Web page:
Glaucoma cannot currently be prevented, but if diagnosed and treated early it can usually be controlled. Medication or surgery can slow or prevent further vision loss. However, vision already lost to glaucoma cannot be restored. That is why the American Optometric Association recommends an annual dilated eye examination for people at risk for glaucoma as a preventive eye care measure. Depending on your specific condition, your doctor may recommend more frequent examinations.

Patients with glaucoma need to continue treatment for the rest of their lives. Because the disease can progress or change silently, compliance with eye medications and eye examinations are essential, as treatment may need to be adjusted periodically. By keeping eye pressure under control, continued damage to the optic nerve and continued loss of your visual field may slow or stop. The optometrist may focus on lowering the intraocular pressure to a level that is least likely to cause further optic nerve damage. This level is often referred to as the target pressure and will probably be a range rather than a single number.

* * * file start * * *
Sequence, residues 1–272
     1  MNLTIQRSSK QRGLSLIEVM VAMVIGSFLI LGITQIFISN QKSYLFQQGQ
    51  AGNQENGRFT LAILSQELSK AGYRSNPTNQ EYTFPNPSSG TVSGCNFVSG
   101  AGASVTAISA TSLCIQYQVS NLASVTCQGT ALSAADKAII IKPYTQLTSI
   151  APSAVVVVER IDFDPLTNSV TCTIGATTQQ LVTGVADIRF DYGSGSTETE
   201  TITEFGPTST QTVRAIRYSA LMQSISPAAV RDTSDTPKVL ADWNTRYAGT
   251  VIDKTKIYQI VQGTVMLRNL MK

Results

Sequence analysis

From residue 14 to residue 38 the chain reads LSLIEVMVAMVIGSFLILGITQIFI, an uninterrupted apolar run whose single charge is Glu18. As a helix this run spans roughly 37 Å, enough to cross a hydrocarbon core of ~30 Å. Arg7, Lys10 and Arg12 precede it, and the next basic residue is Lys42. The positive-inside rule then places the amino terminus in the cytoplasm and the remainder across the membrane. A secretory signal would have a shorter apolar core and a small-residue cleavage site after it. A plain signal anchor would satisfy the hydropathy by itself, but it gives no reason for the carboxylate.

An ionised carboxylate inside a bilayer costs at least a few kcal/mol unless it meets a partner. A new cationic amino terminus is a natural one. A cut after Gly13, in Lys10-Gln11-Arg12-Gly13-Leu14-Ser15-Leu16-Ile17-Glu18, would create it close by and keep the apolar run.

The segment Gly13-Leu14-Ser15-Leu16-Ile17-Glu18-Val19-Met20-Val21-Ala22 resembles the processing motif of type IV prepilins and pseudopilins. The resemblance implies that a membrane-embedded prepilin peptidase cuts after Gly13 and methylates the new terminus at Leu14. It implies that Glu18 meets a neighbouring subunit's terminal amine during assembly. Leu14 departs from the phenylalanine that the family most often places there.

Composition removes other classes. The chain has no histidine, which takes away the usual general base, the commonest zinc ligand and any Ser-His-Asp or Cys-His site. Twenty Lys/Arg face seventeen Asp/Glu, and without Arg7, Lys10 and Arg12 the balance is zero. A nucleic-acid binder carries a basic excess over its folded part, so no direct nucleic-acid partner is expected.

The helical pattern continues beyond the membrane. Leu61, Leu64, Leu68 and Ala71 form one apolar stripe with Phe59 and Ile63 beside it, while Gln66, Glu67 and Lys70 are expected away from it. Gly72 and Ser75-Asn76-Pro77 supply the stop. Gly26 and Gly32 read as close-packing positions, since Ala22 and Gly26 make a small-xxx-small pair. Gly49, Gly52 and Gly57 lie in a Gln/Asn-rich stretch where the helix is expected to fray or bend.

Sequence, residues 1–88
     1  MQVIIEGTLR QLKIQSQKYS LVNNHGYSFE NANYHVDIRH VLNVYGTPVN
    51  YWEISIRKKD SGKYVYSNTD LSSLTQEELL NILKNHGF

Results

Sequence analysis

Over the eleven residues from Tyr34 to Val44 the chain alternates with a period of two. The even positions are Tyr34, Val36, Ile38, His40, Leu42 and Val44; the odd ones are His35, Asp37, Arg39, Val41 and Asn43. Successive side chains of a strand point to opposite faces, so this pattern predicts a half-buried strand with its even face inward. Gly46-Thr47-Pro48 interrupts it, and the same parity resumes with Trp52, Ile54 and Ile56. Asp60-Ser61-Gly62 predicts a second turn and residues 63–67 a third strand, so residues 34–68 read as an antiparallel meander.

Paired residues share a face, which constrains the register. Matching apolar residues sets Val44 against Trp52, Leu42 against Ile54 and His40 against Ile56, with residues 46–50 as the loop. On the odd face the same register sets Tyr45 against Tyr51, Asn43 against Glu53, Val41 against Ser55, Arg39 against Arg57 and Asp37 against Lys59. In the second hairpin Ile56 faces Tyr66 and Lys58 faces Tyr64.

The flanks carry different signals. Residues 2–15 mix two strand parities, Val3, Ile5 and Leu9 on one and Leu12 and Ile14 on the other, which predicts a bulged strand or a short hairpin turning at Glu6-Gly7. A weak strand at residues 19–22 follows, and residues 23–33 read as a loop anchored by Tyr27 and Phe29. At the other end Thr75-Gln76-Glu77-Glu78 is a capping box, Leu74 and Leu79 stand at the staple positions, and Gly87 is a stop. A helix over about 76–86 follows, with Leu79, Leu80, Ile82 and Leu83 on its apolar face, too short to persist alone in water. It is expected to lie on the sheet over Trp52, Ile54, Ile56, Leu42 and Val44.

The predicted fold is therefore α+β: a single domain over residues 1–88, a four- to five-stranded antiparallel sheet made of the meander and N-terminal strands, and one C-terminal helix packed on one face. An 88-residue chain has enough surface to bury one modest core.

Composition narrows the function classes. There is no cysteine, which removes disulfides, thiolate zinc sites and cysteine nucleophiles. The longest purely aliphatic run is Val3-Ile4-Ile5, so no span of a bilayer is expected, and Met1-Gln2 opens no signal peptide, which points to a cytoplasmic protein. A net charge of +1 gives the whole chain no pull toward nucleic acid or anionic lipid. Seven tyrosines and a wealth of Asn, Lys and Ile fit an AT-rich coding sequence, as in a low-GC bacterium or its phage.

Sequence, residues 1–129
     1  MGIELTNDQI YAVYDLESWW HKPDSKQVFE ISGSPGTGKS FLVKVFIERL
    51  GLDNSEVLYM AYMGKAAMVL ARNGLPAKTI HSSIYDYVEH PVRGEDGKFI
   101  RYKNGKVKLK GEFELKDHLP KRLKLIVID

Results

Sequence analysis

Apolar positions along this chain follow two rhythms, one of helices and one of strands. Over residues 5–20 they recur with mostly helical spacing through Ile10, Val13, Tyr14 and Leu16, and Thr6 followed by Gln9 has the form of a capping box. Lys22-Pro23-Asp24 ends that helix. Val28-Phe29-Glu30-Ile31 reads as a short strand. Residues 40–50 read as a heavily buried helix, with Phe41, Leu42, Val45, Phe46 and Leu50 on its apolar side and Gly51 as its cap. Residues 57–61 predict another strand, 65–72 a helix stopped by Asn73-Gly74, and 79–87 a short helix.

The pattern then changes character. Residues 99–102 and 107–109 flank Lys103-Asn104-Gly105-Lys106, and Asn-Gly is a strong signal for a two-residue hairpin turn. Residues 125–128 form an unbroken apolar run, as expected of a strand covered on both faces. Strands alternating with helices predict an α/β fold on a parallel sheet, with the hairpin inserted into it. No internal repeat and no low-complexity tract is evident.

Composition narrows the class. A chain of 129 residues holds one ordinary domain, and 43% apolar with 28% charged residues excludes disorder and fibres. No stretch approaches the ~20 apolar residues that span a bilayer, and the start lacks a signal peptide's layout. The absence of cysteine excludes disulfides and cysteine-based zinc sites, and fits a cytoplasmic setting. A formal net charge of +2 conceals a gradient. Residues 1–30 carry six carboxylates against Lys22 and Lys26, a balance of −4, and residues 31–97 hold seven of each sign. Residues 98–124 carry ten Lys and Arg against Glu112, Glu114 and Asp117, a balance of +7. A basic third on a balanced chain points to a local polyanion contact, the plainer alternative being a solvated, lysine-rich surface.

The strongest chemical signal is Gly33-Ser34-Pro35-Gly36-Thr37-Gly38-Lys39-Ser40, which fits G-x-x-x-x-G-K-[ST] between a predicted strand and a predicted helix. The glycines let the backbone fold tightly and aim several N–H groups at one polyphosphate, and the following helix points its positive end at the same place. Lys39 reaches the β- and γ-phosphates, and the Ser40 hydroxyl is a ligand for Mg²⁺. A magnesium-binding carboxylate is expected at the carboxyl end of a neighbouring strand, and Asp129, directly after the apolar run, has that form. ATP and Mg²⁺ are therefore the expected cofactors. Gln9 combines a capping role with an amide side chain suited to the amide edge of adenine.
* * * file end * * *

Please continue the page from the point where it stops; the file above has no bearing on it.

Target pressure differs for each person, depending on the extent of the damage and other factors. Target pressure may change over the course of a lifetime. Newer medications are always being developed to help in the fight against glaucoma. Early detection, prompt treatment and regular monitoring can help to control glaucoma and therefore reduce the chances of progression vision loss. Much more information can be found at this website: http://www.aoa.org/Glaucoma.xml .

Regular eye exams are critical for your vision health, especially if you fall into the high risk categories of those individuals more susceptible to this disease. Don’t put off getting your vision checked. Just pretending it won’t happen to you doesn’t mean you may not develop glaucoma. Prevention, regular check ups, and proper care of your vision can help. If you suspect you may be experiencing any problems with your eyes, get an exam with your doctor.

Until next time.